Do a search on “cost of employment lawsuits” and you are sure to find plenty of “statistics” and “facts” regarding the cost of litigating an average employment lawsuit. To be honest, many of these websites belong to various HR related vendors – software companies, lawyers, etc. – that are attempting to coax businesses into their using their services. However, just like many “facts” found on the internet, it is hard to tell what is real and what isn’t.
Sometimes you do find impeccable sources, though. I recently ran across a 2010 study done by Duke University on this subject. Entitled “Litigation Cost Survey of Major Companies” and compiled by Lawyers for Civil Justice, Civil Justice Reform Group, and the U.S. Chamber Institute for Legal Reform. The Duke researchers sent surveys to all of the Fortune 200 seeking solid information on total litigation costs for their employment related lawsuits. Their intent was to quantify not only the “hard costs” of litigation such as attorneys fees, court costs, etc. but also to take a look at the soft litigation costs such as discovery costs and lost productivity. About 20% of the companies participated in the survey.
Key findings of the survey reveal:
- Litigation costs keep rising – Companies reported that litigation costs continue to rise at the rate of over 9% per year. From 2000 to 2008 litigation costs had increased 112%.
- International companies spent between four and nine times more on US-based litigation than they did on foreign based litigation. This statistic was adjusted to reflect the level of revenue each company generated domestically vs. internationally.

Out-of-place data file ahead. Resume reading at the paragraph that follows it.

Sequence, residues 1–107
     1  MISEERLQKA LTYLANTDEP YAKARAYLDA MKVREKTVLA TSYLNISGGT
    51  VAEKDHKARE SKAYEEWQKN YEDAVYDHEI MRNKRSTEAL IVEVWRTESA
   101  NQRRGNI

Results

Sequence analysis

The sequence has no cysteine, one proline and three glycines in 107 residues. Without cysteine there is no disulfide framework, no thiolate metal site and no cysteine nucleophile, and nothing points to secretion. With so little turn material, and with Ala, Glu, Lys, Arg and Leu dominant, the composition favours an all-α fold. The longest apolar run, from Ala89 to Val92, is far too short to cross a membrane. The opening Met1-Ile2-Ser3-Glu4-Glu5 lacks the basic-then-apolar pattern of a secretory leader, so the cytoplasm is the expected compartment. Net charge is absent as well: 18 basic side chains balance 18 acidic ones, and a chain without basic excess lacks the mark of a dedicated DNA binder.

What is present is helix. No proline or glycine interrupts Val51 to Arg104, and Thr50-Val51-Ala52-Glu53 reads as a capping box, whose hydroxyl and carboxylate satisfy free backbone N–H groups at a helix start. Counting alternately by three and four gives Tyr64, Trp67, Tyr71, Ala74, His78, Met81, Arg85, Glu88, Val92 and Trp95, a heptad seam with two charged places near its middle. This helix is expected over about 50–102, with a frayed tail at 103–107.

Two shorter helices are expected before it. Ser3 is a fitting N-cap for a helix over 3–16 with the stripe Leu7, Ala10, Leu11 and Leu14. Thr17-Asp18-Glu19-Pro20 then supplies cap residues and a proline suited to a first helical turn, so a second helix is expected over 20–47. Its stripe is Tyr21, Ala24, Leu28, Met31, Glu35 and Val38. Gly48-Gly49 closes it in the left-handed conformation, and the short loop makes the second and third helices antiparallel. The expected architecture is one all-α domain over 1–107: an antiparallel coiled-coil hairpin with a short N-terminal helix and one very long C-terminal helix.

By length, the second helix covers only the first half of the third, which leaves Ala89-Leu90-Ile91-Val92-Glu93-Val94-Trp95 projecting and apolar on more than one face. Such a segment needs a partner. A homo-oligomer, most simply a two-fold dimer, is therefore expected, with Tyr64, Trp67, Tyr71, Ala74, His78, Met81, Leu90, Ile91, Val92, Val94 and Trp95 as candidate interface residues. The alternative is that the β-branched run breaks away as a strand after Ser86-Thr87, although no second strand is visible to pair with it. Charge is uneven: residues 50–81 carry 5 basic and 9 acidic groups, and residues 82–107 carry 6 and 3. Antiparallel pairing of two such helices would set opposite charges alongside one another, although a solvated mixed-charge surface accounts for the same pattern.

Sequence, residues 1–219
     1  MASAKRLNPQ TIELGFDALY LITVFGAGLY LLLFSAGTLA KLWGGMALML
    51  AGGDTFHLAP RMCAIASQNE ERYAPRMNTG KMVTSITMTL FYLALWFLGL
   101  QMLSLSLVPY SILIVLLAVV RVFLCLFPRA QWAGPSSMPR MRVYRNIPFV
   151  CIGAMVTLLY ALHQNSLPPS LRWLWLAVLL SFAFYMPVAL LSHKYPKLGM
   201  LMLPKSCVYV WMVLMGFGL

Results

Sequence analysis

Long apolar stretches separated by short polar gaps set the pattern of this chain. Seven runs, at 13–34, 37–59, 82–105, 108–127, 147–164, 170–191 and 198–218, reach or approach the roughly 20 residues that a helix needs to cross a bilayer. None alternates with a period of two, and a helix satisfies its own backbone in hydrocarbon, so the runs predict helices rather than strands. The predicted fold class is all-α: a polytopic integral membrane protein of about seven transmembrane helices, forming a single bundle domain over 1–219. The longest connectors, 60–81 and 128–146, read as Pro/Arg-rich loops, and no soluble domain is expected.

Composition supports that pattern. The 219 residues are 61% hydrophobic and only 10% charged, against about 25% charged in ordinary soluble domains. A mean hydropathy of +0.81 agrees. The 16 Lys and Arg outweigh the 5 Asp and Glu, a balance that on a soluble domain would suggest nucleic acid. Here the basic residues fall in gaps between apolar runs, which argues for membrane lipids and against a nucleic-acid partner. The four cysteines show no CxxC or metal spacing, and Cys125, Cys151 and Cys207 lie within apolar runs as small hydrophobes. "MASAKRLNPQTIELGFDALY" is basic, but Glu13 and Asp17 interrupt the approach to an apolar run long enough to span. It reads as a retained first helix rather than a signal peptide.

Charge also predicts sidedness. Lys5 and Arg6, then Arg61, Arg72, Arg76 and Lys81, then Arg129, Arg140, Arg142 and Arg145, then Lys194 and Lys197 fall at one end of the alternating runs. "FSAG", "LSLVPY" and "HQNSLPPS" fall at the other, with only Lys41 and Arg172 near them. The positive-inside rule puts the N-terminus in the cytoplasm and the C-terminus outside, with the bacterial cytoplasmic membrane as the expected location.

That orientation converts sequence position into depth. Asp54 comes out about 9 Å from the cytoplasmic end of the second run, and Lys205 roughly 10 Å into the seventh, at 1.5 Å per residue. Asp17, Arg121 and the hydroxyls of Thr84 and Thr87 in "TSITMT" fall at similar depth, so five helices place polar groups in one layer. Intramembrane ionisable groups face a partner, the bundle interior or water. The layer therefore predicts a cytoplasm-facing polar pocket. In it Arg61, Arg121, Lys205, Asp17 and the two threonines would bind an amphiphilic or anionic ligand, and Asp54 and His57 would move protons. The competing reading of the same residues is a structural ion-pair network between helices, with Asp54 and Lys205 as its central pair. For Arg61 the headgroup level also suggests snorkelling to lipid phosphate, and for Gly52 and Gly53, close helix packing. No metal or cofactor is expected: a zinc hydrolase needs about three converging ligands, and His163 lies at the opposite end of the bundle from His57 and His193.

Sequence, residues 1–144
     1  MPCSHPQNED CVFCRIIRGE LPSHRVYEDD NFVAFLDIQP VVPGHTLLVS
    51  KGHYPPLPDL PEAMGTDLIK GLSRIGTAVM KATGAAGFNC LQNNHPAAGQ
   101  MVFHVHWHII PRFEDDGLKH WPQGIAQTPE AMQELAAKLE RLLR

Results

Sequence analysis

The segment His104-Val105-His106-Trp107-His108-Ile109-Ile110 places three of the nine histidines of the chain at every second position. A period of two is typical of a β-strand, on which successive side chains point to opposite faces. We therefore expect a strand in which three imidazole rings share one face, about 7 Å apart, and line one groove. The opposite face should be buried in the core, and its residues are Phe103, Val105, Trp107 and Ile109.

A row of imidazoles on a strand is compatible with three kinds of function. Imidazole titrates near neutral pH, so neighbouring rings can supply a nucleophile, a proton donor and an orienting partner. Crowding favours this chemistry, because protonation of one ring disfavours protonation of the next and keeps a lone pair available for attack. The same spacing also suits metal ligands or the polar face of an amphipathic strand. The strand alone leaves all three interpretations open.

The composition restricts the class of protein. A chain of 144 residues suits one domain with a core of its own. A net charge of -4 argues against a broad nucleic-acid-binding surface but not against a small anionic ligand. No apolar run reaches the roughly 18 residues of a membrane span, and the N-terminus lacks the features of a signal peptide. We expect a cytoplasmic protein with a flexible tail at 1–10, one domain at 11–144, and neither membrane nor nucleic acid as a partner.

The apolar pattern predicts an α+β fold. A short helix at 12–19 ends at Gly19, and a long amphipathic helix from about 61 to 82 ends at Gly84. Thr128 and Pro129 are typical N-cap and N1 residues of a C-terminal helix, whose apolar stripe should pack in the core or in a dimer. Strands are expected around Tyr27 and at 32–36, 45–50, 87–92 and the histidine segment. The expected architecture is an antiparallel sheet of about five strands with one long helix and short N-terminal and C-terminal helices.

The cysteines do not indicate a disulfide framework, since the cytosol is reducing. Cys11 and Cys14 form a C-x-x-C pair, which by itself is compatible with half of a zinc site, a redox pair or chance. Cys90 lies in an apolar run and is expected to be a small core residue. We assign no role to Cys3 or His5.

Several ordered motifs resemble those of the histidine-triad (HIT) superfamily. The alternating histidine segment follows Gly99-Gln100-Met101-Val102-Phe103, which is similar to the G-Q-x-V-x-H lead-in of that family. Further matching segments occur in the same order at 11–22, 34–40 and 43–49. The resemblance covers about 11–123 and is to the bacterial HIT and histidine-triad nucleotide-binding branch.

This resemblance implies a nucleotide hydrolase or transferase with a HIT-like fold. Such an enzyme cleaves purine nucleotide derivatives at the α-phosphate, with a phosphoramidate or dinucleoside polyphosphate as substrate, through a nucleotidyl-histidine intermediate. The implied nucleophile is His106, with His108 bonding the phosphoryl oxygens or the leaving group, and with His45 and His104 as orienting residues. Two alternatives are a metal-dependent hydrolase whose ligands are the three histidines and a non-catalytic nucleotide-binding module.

- One of the drivers of the increased litigation costs appeared to be the incredible amount of discovery done by US attorneys. In major cases – those that resulted in awards of greater than $250,000 – as many as 4.5 MILLION documents were produced during discovery while only about 1% of these were actually used at trial. This would seem to indicate that perhaps US attorneys are (a) afraid of missing something important so they look at everything, or (b) generating excessive document trails in order to generate excessive bills (you decide).
- Among the 36 survey participants who responded to the questionnaire, the total aggregate spend on litigation in 2008 was $4.1 billion.
Employers have long contended that the US has become a litigious society and the Duke survey certainly bears this out. While the Duke survey looked at litigation costs only within very large companies — who reported actual litigation costs of between $625,000 and $9,500,000 per case – logic would assume that any similar survey of smaller employers would yield the same type of results. Litigious employees and their aggressive attorneys, combined with an ever expanding regulatory environment, is creating a perfect storm that is threatening American businesses like never before.
The real cost of constantly expanding employment litigation might be the loss of American jobs and our competitiveness in a global market. As the study concludes, “If U.S. litigation costs are significantly higher than in other countries, and the situation is left unchecked as economic differences between countries narrow, the United States will be unable to compete effectively in the global marketplace.”
That is one reason why we at GeniusHR focus so much of our effort on providing excellent legal compliance tools as part of our HRIS software, empowering the HR department to provide a solid first line of defense against employment related legal problems.
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